The motor timing diagram

So a few people have asked me about the motor timing diagram, and what exactly is going on. I kind of just stuck it there for making sure it doesn’t get lost, and I apologise that there is no legend or any other explanation. So here goes.

First: the diagram reproduced here for easy viewing:

So some background: we are using Center Aligned PWM, which looks something like this:

And that triangle wave is the counter value in the PWM module, and is the same triangle wave we have in the first diagram, except that we have two of them, one for each motor. The leftmost one drawn belongs to motor M0, and the other one to M1.
We wish to sample the currents at the time when all PWM signals are low (explained more here), so we set up the ADCs to trigger on the point where the counter reaches 0. This is marked as the I0 and I1 points on the diagram. When the ADCs finish sampling, they fire an interrupt, the pwm_trig_adc_cb. This interrupt then wakes the motor control thread, and we execute the control code: this is the squiggly line, the control code execution.

Actually, we run the ADC and interrupt on the top corners too, labelled DC0 and DC1, but here the ADC’s measure no current, and we use this to calibrate away DC offset. This doesn’t wake the motor control thread, the calibration is done with a filter in the interrupt. Also, we don’t want the motor thread to write to the PWM registers as soon as it has new results, since high priority interrupts can cause a small jitter in the duration of motor thread execution time. So we queue the value and apply it at a known time. Note that the PWM hardware loads new values from the compare register at every corner.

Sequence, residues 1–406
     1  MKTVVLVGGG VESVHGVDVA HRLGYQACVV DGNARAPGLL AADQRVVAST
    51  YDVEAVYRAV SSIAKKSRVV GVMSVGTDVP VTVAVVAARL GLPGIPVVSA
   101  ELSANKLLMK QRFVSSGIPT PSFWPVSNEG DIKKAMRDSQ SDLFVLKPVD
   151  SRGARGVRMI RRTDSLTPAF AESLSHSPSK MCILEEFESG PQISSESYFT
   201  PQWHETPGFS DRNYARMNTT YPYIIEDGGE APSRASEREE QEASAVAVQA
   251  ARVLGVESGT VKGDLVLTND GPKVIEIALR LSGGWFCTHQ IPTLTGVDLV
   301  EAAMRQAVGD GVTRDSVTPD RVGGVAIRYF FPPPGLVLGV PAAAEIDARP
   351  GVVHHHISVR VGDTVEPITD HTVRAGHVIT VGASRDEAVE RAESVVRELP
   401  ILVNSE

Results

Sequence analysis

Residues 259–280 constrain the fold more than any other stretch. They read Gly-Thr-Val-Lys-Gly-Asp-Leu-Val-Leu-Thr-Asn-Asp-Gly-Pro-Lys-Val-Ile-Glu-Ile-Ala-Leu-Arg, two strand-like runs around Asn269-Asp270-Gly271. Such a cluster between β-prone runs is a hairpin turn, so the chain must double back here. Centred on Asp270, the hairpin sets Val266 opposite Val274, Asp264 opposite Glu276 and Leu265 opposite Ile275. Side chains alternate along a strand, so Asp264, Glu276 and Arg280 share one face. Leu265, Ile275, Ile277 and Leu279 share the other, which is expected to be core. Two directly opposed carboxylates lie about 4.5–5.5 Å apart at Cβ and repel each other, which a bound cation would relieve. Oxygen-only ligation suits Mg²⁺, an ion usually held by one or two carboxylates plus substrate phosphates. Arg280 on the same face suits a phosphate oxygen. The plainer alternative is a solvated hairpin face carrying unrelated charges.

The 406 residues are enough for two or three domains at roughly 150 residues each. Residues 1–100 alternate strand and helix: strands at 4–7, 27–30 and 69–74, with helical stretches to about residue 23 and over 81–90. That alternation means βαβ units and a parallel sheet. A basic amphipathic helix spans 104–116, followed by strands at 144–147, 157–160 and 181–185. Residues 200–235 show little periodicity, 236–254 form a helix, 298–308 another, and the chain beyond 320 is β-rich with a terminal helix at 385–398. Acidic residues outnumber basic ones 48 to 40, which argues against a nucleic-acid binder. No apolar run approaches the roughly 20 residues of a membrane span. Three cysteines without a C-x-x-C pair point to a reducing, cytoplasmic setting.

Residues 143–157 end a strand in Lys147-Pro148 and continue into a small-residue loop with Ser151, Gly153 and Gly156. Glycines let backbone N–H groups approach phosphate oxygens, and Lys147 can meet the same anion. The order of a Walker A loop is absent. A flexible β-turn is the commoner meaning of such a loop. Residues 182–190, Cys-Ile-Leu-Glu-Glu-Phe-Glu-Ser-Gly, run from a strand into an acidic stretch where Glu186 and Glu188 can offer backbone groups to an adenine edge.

So in more detail, for M0:

  1. ADC measures M0 current, control computation starts
  2. Control computation finishes, we have new result A0 to be put on PWM
  3. Trigger interrupt that will write to PWM hardware (A0 labeled corner)
  4. After short interrupt code execution time, we write to registers
  5. PWM unit reads registers and uses new value

So the control latency (current measurement to PWM goes live) is exactly one current-measurement period.

Let me know if there was anything that was unclear, and I’m happy to expand the explanation.
Also, if someone is interested to transcribe this to a sensible location in the repository for documentation, that would be more than welcome! ;D



I spend whole day to understand the motor timing diagram. Luckily,I got some more details.
The below diagram describes the overview of ADC sampling.

There are some key points I learned.
1.why is the CURRENT_MEAS_PERIOD set like this,( (float)2TIM_1_8_PERIOD_CLOCKS(TIM_1_8_RCR+1) / (float)TIM_1_8_CLOCK_HZ ).
Because TIM1 and TIM8’s RepetitionCounter is set by TIM_1_8_RCR,which value is 2.

As you can see,the UEV(update event) are generated at the three points,the left red one,the mid blue one and the third red one .Between the left red one and the third red one is CURRENT_MEAS_PERIOD .And you can count how many TIM_1_8_PERIOD_CLOCKS there is.It is six as you can see in the define.What happen at the blue dot? In fact,the adc interrupt which is fired by counting-down upgrade event only send a signal which make motor control loop continue executing.

2.There is a table about ADC setting.


Hello, this is the first time I have asked a question in the ODrive community.
I want to know what this sentence means? For example, what do high-priority interrupts refer to? In addition, for M0, why can’t the value of compare register be changed in the corner of DC0?
Looking forward to your reply, thank you.